Iranian Azerbaijanis, are a Turkic-speaking people, of which are largely of Iranian origin and minority Caucasian. They number between 16 and 24 percent and between 15 and 16 million of Iran's population, and comprise by far the second-largest ethnic group in the nation. In the Azerbaijan region, the population consists mainly of Azeris. Azeris are the largest group in Iranian Azerbaijan, while Kurds are the second largest group and a majority in many cities of West Azerbaijan Province. Iranian Azerbaijan is one of the richest and most densely populated regions of Iran. Many of these various linguistic, religious, and tribal minority groups, and Azeris themselves have settled widely outside the region. The majority Azeris are followers of Shi'a Islam. The Iranian Azeris mainly reside in the northwest provinces, including the Iranian Azerbaijan provinces (East Azerbaijan, West Azerbaijan and Ardabil), Zanjan, as well as regions of the North to Hamadan County and Shara District in the East Hamadan Province, some regions Qazvin Province and also Azerbaijani minorities living in Markazi, Kordestan, Gilan and Kermanshah.h
The majority of Azerbaijanis in Azerbaijan are followers of Twelver Shia Islam. Azerbaijanis commemorate Shia holy days (ten first days of the holy month of Muharram) minority Sunni Azerbaijani Turks (Shafi and Hanafi) who live in the Ardabil Province (Hashatjin and villages of Bileh Savar County) and West Azarbaijan province (near the cities of Urmia, Khoy and Salmas) and have population about 200,000 people in this area.
Azerbaijani people mostly live in northwest parts of Iran, but large Azerbaijani populations can be found in Khorasan, mostly in Mashhad, as well as central Iran, due to internal migration to Tehran, Karaj, and Qum. Where they have settled, they have become prominent - not only among urban and industrial working classes - but also in commercial, administrative, political, religious, and intellectual circles. Azerbaijanis make up 25%- 33% of Tehran and of Tehran Province's population. They are the largest ethnic groups after Persians in Tehran and the Tehran Province. The governor of Tehran is Hossein Hashemi from Sarab; he was born in East Azerbaijan; Ali Khamenei, the Supreme Leader of Iran, was born in Mashhad and is of Azeri origin. The journals Varliq and Azari are printed by the Azerbaijani people in Tehran.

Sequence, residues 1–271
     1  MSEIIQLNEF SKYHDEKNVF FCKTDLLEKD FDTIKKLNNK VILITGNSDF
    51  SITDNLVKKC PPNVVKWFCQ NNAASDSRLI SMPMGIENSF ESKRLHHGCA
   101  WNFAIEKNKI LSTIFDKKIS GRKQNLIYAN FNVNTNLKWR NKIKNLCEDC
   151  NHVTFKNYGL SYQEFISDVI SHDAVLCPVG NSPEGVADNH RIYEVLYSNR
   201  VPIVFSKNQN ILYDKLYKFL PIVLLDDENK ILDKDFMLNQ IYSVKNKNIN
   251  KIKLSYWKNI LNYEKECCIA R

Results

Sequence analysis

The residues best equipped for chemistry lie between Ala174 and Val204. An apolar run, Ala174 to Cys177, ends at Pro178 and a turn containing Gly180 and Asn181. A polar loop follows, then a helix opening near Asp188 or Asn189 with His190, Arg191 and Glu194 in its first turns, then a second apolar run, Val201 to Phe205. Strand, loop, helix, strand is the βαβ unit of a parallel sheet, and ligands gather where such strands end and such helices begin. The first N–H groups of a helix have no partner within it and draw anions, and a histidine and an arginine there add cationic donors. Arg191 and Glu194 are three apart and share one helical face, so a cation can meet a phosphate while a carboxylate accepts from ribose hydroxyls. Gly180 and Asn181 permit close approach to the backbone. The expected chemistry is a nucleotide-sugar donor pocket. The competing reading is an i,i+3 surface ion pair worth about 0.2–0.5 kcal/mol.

According to the population census of 2012, the four provinces of East Azerbaijan (2012 pop. 3,724,620), West Azarbaijan (2012 pop. 3,080,576), Zanjan (2012 pop. 1,015,734), and Ardabil (2012 pop. 1,248,488) have a combined population of 9 million people.
Azerbaijan's major cities are Tabriz (the capital of East Azerbaijan), Urmia (the capital of West Azerbaijan), Zanjan (the capital of Zanjan Province), Ardabil (the capital of Ardabil Province) and Major cities non-capital of Province's Azerbaijan are Khoy and Maragheh.
|1||Tabriz||Tabriz County||East Azerbaijan||1,558,693|
|2||Urmia||Urmia County||West Azerbaijan||736,224|
|3||Ardabil||Ardabil County||Ardabil Province||529,374|
|4||Zanjan||Zanjan County||Zanjan Province||486,495|
|5||Khoy||Khoy County||West Azerbaijan||198,845|